Kenya’s Big Five
Photo Credit: SaBigFive via Wikispaces
Every safari fan knows what the Big Five are – the five large animals that can be found in parts of Africa such as Kenya’s Maasai Mara National Reserve: the lion, rhino, leopard, Cape buffalo, and elephant. These are interesting times to watch Kenya, and not just because the rainy season is soon coming to an end, bringing back the best chance to spot the Big Five on the savanna. On March 9, bitter rivals, President Uhuru Kenyatta and the opposition leader Raila Odinga, shook hands in a historic gesture meant to show willingness to overcome divisions within the country. This is a much-needed signal for the country affected by tribal divisions, and a year-long political conflict after the Supreme Court annulled President Kenyatta’s disputed electoral victory (he still won in the subsequent vote).
While the details of what the handshake deal will translate into in practical terms remain unclear, Odinga publicly threw his support behind Kenyatta’s four-point sweeping agenda for reform. Dubbed the Big Four, the reform pillars include universal healthcare, manufacturing, affordable housing, and food security. However, one more large “animal” must be tamed in order for the other four to flourish: corruption. Kenya has long been striving to bring corruption under control, and the 2016 Bribery Act, modeled on its UK counterpart, is the latest step in this direction. Still, implementing regulations remain under development and in the meantime Kenya continues to underperform in anti-corruption efforts, ranking 143rd in Transparency International’s latest Corruption Perceptions Index.
President Kenyatta made strong statements about combating corruption in support of his Big Four agenda at the Fifth Annual Devolution Conference that took place in April in Nairobi. In particular, he promised to punish graft more vigorously, saying: “Those who steal should be ready to carry their individual crosses. There will be no hiding behind cocoons, whether religious or tribal because you stole alone.” While, curbing impunity of corrupt officials would certainly help, it is not the sole element of anti-corruption success. In addition to government-led efforts, an important counterpart has to be the private sector.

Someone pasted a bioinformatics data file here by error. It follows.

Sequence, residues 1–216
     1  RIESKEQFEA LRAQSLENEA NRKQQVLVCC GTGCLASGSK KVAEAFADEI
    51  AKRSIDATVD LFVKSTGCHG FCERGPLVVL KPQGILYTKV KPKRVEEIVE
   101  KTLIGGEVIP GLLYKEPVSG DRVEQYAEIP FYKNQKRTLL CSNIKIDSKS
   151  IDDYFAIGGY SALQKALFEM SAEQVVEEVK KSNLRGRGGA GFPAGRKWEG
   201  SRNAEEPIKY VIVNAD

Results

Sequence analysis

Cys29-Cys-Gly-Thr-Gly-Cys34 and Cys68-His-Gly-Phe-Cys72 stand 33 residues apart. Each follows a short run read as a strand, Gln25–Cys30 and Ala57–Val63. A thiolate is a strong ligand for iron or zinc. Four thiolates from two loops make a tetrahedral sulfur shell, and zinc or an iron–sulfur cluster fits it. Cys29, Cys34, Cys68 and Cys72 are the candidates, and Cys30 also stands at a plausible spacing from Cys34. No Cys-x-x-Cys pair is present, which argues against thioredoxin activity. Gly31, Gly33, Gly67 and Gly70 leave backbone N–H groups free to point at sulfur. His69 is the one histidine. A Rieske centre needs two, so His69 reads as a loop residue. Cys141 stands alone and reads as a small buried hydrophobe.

Companies can – and in many cases are – taking the lead to introduce and strengthen compliance programs in order to stem the flow of bribes, trading in influence, and other forms of corruption. On my recent trip to Kenya, I had the pleasure of co-facilitating a CIPE training-of-trainers workshop that brought together over 20 participants from around the continent who, in turn, are going to train local companies on doing business with integrity, regardless of their governments’ enthusiasm for anti-corruption reforms.
In Kenya, CIPE is also working with the Kenya Private Sector Alliance (KEPSA) to support preventive measures to tackle corruption in the country. CIPE is partnering with KEPSA to develop recommended guidelines to assist companies of all sizes in implementing anti-corruption compliance procedures. KEPSA Head of Policy and Research Analysis Victor Ogalo spoke at this training workshop, explaining measures that KEPSA has taken to help combat corruption in Kenya by advocating for the Bribery Act, asking the government to only do business with those who sign the code of conduct, and support companies with improving their internal systems. As the Kenyan saying goes, Kidole kimoja hakiuwi chawa – “one finger cannot kill a louse”. It will take a concerted effort between the public and private sectors to achieve Kenya’s Big Five.
Anna Kompanek is the Director of Global Programs at CIPE